In a startling failure to follow the precedent established by the Supreme Court last year in Lawrence v. Texas, a three-judge panel of the U.S. Court of Appeals for the 11th Circuit, based in Atlanta, voted 2-1 to overrule a trial court’s decision that an Alabama law that makes it a crime to sell “sex toys” is unconstitutional.
The same two judges who engaged in public dispute about the meaning of the Lawrence sodomy ruling a week earlier in connection with the full 11th Circuit’s refusal to reconsider a panel’s decision upholding the Florida anti-gay adoption law, repeated and expanded upon their arguments in the majority and minority opinions in Williams v. Attorney General of Alabama, issued on July 28.
In Lawrence, the Supreme Court overruled its 1986 decision in Bowers v. Hardwick, which had held that the “presumed moral beliefs” of the people of Georgia that sodomy is wrong provided a sufficient basis to uphold a criminal law imposing a potential 20-year prison sentence on consenting adults who engaged in anal or oral sex, whether privately or publicly. In 1986, the Supreme Court said that the question was whether the constitution protects “the right of homosexuals to engage in sodomy.”
In 2003, the Supreme Court said that in Bowers the Court had improperly framed the question. The issue, said Justice Anthony M. Kennedy, was whether consenting adults are protected in their private sexual acts, and whether the government can impose majority moral judgments to make such acts a crime.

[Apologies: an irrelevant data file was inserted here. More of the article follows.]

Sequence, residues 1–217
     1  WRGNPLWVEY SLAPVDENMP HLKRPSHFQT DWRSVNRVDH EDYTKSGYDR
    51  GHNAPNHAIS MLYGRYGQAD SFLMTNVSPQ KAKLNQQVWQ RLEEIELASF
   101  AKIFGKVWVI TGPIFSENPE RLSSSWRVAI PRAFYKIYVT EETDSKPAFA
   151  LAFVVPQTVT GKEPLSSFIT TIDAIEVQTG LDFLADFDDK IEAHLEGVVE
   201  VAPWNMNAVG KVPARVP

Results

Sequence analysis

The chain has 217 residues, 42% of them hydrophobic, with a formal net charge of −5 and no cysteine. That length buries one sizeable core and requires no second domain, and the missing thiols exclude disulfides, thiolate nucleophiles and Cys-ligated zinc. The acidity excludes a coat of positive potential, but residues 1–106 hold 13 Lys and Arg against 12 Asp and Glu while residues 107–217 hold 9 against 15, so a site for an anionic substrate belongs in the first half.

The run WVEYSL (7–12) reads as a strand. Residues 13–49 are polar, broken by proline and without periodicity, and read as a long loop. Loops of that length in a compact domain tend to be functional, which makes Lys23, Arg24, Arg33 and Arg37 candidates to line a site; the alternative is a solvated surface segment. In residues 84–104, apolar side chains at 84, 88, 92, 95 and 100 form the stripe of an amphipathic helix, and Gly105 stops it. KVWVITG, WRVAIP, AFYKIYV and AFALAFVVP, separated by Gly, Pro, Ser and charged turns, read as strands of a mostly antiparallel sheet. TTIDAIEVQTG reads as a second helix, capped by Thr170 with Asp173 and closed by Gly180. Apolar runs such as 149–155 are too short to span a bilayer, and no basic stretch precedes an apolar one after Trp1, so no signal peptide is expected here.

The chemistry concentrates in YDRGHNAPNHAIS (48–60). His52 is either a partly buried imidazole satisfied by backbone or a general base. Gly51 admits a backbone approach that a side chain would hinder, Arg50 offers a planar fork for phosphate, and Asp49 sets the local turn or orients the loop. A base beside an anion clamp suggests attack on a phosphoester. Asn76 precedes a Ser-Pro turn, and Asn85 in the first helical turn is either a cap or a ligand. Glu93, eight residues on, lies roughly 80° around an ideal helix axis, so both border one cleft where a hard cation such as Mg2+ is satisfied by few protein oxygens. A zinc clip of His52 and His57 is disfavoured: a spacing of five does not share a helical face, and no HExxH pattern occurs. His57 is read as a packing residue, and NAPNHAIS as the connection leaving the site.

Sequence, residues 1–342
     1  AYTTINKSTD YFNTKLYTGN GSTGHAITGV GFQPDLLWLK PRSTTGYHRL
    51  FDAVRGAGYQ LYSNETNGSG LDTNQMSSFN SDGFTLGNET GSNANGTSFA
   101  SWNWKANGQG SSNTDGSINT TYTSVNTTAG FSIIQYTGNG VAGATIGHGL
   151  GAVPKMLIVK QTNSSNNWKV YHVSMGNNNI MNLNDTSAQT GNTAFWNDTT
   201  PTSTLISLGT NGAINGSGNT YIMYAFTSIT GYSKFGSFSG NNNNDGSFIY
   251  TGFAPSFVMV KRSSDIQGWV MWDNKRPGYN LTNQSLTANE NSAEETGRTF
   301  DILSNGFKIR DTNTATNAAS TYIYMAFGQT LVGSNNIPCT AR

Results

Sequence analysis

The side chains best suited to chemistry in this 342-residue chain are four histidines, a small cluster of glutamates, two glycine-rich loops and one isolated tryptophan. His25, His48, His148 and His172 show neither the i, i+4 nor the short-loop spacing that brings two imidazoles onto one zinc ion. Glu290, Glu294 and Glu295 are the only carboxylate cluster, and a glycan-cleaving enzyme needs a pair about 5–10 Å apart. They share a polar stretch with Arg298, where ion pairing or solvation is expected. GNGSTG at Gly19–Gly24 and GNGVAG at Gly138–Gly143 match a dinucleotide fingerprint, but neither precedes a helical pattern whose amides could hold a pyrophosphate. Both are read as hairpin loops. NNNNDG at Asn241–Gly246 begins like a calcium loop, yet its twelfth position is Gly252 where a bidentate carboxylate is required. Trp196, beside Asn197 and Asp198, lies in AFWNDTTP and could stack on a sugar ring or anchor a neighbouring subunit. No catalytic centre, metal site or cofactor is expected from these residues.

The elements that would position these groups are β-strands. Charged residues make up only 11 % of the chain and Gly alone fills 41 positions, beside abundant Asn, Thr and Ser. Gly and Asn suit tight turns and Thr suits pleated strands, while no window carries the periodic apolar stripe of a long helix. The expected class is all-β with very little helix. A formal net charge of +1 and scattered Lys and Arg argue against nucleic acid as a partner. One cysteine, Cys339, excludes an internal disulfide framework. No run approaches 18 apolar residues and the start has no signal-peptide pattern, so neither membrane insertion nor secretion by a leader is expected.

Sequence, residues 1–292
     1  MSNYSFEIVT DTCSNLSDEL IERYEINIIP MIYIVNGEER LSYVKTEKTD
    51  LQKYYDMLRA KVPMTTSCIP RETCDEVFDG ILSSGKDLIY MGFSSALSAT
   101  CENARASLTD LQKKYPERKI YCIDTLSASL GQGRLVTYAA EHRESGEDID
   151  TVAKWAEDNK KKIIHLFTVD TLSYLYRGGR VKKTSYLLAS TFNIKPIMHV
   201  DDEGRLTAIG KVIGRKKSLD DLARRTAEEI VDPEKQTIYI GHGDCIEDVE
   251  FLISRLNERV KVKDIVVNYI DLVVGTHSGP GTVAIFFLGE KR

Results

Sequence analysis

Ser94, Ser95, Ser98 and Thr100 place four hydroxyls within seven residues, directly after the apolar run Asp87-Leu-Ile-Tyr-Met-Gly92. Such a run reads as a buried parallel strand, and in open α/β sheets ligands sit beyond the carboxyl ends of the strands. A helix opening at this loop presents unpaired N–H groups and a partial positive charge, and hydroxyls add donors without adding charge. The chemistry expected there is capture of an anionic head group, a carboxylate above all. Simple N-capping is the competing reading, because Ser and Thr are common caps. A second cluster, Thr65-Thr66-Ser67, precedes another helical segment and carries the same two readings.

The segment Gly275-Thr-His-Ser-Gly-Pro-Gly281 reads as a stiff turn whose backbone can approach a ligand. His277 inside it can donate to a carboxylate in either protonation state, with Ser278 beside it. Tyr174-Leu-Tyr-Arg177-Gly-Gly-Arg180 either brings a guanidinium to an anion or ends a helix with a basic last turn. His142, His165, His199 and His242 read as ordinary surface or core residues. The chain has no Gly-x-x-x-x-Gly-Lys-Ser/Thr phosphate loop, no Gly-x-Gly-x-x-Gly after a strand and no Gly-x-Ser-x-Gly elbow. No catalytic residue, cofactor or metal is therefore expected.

Kennedy asserted that Supreme Court cases decided earlier than Bowers had already made clear that the sexual privacy of adults is protected by the Constitution, and that moral objections to particular sex acts were not sufficient to overcome that right. In Lawrence, the Court said that Bowers was “wrong” when it was decided, and should be overruled.
But evidently this message did not get through to Judge Stanley F. Birch, Jr. and Senior Judge James C. Hill, who joined Birch’s opinion to make up the panel’s two-member majority. Birch wrote that the question before the court was whether the Constitution protects the private use of sex toys as a fundamental right. Birch also insisted, in apparent contradiction to the Supreme Court’s opinion in Lawrence, that the question whether using sex toys is a fundamental right should be determined by reference to whether our society has traditionally protected and valued such activity. In the absence of such historical evidence, he concluded that no fundamental right is involved, and that Alabama’s citation of moral concerns in outlawing the sale of such items was sufficient to sustain the statute.